Cerebral palsy (CP) affects around two out of every 1000 children born worldwide. Physical therapy is the foremost way of improving movement, balance, and posture in children with CP. Research has shown that hippotherapy, a form of physical therapy involving horse riding, is effective for treating CP. But how exactly does it help? In a recent study, researchers from Gwangju Institute of Science and Technology (GIST) explored this question and provide insightful answers as well as a baseline for future research.
Cerebral Palsy (CP) is a common disability among children, characterized by abnormal gait patterns and the inability to maintain posture and balance. While the condition is incurable, physical therapy treatments can go a long way in improving movement and balance. One such treatment approach is hippotherapy (HPOT), which uses horse riding to improve functional mobility in children with CP. Although supported by scientific studies as an effective treatment approach for (CP), there is, unfortunately, little data concerning how HPOT results in improvement.
Recently, a team of researchers from Korea and the United States addressed this question, investigating physical interaction metrics between horses and children with CP during HPOT. "My original research interests lie in the rehabilitation of people with neurological impairment, specifically gait and balance. However, I did not know about hippotherapy until rather recently in 2016. After realizing how effective it is in treating children with CP, I was motivated to explore it further," explains Dr. Pilwon Hur who headed the study from the Gwangju Institute of Science and Technology (GIST) in Korea. This paper was made available online on September 6, 2021, and was published in Volume 18 Issue 132 of the Journal of NeuroEngineering and Rehabilitation.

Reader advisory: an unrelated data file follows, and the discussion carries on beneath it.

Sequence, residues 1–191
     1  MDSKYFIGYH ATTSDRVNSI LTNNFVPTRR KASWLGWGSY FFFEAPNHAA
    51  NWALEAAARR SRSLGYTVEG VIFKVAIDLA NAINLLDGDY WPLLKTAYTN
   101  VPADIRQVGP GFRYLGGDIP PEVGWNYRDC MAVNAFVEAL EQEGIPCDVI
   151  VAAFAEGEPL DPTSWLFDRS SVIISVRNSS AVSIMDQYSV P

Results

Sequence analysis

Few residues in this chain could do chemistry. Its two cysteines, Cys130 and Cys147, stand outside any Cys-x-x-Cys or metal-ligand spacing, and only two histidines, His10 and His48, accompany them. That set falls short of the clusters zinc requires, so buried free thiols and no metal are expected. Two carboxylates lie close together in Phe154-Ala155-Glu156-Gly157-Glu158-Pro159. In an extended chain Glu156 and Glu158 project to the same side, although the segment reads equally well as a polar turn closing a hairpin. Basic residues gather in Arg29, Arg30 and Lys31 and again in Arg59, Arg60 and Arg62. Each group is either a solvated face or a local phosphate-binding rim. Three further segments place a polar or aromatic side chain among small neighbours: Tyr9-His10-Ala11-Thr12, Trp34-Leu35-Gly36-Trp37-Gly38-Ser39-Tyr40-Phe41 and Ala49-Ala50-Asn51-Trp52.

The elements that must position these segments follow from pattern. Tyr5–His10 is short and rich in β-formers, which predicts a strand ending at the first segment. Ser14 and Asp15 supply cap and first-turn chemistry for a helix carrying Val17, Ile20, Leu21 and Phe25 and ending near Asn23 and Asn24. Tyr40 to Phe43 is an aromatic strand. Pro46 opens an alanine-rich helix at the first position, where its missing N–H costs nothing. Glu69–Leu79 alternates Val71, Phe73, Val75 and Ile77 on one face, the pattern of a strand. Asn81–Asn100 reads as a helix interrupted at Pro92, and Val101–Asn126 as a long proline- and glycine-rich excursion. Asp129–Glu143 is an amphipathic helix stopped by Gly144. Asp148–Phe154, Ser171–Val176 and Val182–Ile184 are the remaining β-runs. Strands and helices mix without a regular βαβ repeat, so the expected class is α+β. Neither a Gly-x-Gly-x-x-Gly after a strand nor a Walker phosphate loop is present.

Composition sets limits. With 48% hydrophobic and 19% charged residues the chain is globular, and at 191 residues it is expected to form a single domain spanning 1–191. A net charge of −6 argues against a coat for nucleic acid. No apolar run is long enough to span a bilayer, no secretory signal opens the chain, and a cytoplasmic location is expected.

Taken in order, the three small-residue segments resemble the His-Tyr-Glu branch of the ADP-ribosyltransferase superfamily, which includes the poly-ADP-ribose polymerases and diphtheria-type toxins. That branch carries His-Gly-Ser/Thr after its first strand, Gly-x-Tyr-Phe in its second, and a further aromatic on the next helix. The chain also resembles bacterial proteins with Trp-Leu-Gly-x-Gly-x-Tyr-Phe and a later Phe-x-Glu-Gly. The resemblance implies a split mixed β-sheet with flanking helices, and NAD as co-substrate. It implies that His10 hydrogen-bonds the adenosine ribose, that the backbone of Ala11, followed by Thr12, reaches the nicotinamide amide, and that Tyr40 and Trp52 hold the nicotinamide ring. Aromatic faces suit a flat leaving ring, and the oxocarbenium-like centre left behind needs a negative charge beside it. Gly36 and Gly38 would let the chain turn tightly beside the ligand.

The research team studied four children with CP over the course of eight physical therapy sessions. They placed sensors on the horses and children to record their movements and track their acceleration and angular velocity. They found that the data from the horses and children began to resemble each other as time progressed, indicating a synchronization between the horse and the rider. They also gave the children mobility tests after each session and observed improvement in their motor skills at the end of the experiment.
"We found that physical interaction between the children with CP and the horses, characterized by the children adapting to the horse's movement and vice versa, is extremely important for the rehabilitation to be effective," says Dr. Hur.
Excited by these findings, the team hopes their work will provide a baseline for further research on HPOT. "To the best of my knowledge, ours is the first study to quantify these interactions and relate them to effectiveness," says Dr. Hur. "Such an understanding would help us optimize physical therapy programs, improving the quality of life for children with CP."